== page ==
© 2011 – Routledge
Drawing extensively on the research findings of natural and social sciences both in America and Europe, Reframing the Social argues for a critical realist and systemist social ontology, designed to shed light on current debates in social theory concerning the relationship of social ontology to practical social research, and the nature of 'the social'. It explores the works of the systems theorist Mario Bunge in comparison with the approach of Niklas Luhmann and critical social systems theorists, to challenge the commonly held view that the systems-based approach is holistic in nature and necessarily downplays the role of human agency. Theoretically sophisticated and investigating the work of a theorist whose work has until now received insufficient attention in Anglo-American thought, this book will be of interest to those working in the field of social theory, as well as scholars concerned with philosophy of social science, the project of analytical sociology, and the nature of the relationship between the natural and social sciences.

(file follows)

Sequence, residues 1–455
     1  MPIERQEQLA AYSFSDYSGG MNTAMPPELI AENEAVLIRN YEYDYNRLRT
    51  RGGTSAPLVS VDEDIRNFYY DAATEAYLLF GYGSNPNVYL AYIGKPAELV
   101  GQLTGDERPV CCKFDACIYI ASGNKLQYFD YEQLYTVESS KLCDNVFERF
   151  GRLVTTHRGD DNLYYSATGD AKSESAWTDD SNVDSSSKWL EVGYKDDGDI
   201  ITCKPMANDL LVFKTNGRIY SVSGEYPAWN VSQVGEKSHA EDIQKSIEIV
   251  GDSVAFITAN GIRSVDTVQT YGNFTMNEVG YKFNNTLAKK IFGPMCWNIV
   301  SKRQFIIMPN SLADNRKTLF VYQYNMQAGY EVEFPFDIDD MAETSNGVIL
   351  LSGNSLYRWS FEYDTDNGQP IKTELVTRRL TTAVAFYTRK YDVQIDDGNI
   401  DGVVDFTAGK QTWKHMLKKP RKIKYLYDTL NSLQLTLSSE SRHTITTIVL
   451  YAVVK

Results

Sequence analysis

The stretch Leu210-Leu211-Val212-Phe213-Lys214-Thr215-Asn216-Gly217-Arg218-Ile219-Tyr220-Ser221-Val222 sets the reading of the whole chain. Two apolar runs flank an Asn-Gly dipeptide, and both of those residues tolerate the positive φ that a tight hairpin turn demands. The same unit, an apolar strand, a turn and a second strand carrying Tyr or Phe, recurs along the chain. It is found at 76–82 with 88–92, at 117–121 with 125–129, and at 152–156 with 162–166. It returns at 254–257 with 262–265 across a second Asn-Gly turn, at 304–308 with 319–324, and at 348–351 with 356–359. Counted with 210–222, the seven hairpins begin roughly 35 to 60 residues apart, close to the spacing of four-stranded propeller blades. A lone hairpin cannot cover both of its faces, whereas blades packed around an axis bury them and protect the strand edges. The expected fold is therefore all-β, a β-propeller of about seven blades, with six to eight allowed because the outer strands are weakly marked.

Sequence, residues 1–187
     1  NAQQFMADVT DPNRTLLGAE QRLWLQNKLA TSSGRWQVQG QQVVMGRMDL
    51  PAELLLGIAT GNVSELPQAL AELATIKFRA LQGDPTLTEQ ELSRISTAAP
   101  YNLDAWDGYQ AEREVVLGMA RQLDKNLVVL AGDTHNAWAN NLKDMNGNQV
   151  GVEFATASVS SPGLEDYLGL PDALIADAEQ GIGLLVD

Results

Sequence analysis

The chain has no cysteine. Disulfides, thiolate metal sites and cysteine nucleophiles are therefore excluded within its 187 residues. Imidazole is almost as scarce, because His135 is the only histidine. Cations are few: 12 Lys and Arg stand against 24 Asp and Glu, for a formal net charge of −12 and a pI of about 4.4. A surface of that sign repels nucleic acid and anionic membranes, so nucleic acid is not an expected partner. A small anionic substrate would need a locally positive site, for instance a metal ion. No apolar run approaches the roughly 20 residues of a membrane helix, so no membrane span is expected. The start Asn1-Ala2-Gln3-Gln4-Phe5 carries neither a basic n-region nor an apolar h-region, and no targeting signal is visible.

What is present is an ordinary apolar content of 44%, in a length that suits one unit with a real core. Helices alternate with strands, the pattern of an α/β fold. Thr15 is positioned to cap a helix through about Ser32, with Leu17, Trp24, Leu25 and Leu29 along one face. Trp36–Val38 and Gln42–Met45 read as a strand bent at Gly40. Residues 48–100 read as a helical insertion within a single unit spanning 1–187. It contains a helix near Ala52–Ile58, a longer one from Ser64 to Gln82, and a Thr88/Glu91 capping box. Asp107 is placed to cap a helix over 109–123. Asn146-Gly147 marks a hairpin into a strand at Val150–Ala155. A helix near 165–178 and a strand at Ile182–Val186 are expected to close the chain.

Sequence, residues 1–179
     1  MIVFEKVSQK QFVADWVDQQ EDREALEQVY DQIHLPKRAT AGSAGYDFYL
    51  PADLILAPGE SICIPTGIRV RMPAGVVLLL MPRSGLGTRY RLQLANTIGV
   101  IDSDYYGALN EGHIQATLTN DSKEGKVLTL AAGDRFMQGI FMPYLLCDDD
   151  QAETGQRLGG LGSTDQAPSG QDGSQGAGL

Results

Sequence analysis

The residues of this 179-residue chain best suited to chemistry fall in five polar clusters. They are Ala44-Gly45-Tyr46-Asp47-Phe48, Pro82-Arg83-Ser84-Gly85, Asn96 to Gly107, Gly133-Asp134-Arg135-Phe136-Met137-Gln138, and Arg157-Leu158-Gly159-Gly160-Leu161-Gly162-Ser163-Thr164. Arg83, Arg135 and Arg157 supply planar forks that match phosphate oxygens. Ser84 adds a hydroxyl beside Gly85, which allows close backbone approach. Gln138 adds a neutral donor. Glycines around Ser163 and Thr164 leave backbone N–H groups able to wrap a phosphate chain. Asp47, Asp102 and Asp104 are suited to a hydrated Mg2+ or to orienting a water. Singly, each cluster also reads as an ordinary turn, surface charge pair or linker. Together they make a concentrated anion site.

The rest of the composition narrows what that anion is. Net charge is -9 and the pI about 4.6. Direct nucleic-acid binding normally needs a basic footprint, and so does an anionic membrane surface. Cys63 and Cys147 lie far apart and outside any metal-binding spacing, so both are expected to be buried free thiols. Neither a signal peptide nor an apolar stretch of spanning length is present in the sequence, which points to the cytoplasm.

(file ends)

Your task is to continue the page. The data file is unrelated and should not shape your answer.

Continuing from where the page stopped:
'This is the clearest and most comprehensive discussion of contemporary social ontology. The author’s definitions and illustrations of such key concepts as those of system, process, mechanism, and emergence, often used sloppily, are lucid. And his evaluation of the competing theories is magisterial. This book should greatly help any social theorists and philosophers seeking clarity and depth.' Mario Bunge, McGill University, Canada 'Poe Yu-ze Wan has produced an impressive book that brings social systems theory into the twenty-first century. In a beautifully well-judged argument that deserves to be widely read, he shows how social theorists are moving towards mechanismic explanation and "emergentist systemism" - and why they are right to do so.' Dave Elder-Vass, Loughborough University, UK 'Wan’s intellectual achievement in this book stands out from comparable entries in the marketplace for at least two reasons. First, there is just the sheer amount of ground covered in the book… Second, there is the fact that Wan goes beyond reviewing other people’s proposals to offer his own positive project… an impressive achievement. This book should be required reading for anybody interested in becoming acquainted with the best contemporary work on the meta-methodological foundations of social science, the debates and controversies opened up by advocates of the various programmatic movements that have emerged in the way of the dissolution of positivism, and Mario Bunge’s equally ambitious - but rather unheralded - proposal to bring order to the proceedings.' Science and Education 'I recommend Reframing the Social: Emergentist Systemism and Social Theory to everyone interested in recent discussions not only on social systems theory and social ontology but also on causality and mechanism-based explanations in the social sciences. Moreover, I think that those social scientists and philosophers of the social sciences who associate themselves with the movement of